Monthly Archives: March 2016

Why Use Caging/Lockbox Services

caging-lockboxWhen it comes to the sustainability of a non-profit, the receipt of donations is at the forefront. After all, where would a non-profit be if it didn’t have financial backing? The receiving and processing of contributions is important but is it really something a non-profit should handle on their own?


In the non-profit world, there is fluctuation in receiving donations. The unpredictability and irregular inbound flow of contributions makes it near impossible to efficiently plan for processing in house. If you have a part time person handling it, the envelope may wait days to be handled while a full time person may be sitting around waiting for the next wave of envelopes to arrive. Outsourcing to a caging vendor alleviates this issue and allows non-profit employees and volunteers to focus on their core competencies and not worry about the processing of donations.


The actual process of opening envelopes, adding up the contributions and depositing the funds is known as caging.


No Capital investment. Caging vendors offer non-profits the people, process and equipment needed to effectively manage their inbound donations without having to make a capital investment. Caging professionals are trained to handle these tasks so that you can focus on your core competencies.

Data Capture. The capturing of information about a donor is almost as important as the actual donation. Information about the donor is captured in a database made available to the non-profit. This is truly priceless information! The use of this information is invaluable as non-profits work toward improving their mail list and optimizing their donor request letters.

Other benefits include: Reduction of in house administrative costs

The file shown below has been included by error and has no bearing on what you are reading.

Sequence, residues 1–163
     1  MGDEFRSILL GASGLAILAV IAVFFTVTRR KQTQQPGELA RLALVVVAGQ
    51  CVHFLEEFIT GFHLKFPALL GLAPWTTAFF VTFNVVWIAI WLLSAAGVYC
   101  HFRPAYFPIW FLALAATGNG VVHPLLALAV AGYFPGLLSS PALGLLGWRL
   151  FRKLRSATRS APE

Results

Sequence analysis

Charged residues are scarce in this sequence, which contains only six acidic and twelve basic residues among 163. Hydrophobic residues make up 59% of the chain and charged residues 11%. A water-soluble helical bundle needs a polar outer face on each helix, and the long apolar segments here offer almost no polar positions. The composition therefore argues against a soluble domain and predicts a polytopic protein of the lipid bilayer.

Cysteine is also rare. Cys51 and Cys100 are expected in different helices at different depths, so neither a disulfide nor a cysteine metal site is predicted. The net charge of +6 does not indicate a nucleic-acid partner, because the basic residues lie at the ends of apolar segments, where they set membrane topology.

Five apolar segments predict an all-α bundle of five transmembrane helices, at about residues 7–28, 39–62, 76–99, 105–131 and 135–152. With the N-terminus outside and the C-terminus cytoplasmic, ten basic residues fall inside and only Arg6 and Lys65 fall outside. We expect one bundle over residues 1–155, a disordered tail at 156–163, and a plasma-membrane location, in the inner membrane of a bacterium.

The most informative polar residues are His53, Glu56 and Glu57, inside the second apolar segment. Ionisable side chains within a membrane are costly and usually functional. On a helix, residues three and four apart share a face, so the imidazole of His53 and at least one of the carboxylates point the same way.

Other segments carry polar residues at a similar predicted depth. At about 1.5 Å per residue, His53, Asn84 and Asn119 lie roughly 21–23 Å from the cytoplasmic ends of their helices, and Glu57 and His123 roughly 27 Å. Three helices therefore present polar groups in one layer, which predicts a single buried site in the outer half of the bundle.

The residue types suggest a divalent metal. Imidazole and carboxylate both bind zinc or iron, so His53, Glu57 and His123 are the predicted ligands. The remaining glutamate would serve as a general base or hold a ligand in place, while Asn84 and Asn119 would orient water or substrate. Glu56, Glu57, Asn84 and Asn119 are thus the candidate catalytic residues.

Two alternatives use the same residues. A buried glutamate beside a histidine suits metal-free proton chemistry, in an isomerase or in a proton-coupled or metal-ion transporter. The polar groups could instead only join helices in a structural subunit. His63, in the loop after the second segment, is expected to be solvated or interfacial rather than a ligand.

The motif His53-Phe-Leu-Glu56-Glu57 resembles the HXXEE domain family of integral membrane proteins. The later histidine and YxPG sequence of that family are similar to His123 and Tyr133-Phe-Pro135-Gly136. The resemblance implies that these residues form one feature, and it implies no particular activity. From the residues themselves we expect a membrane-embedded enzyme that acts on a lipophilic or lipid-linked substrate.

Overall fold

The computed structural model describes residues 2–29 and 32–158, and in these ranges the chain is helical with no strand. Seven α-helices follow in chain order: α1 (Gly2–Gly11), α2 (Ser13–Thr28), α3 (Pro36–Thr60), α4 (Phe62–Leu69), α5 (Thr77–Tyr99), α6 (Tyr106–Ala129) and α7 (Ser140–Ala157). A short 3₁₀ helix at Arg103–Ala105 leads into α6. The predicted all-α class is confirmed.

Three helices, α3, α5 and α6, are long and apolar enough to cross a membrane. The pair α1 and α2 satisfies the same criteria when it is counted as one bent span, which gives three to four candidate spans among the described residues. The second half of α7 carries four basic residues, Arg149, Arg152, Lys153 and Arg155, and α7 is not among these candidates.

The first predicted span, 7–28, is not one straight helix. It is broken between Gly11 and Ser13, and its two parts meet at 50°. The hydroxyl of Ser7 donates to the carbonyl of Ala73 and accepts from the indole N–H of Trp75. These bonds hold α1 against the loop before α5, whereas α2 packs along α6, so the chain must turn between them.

Efficient processing of donations
Timely deposits


You may be thinking that this sounds great – and therefore, must be expensive. In actuality, caging typically accounts for less than 5% of a non-profits total direct mail spend.


Now that you know and understand the benefits of partnering with a caging vendor, you need to select one. Be sure you select one that is PCI compliant with the Payment Card Industry Data Security Standard (PCIDSS).

Here are a few other attributes to consider.
Technology available
Disaster recovery plan
Internal controls
Customer service initiatives


Reach out to us at or leave us a comment below!
Founded in 1959, Washington Intelligence Bureau (WIB) is one of the oldest, most respected caging/lockbox providers in the Northern Virginia area. Our team is here to answer any questions you have about our services.

Making Direct Mail More Personal

4-direct-mailMail is a great communicator. You can reach anyone anywhere with an address. According to the CMO Council, nearly 60% of all direct mail pieces sent are opened in the US.

It’s true, pieces that are printed on brightly colored paper, uniquely packaged or have eye catching graphics tend to grab their recipients attention.  However, it is personalized pieces that not only grab their attention, but keep it, too.

We’re sharing 4  simple ways to help you create a more personal direct mail piece for your next campaign.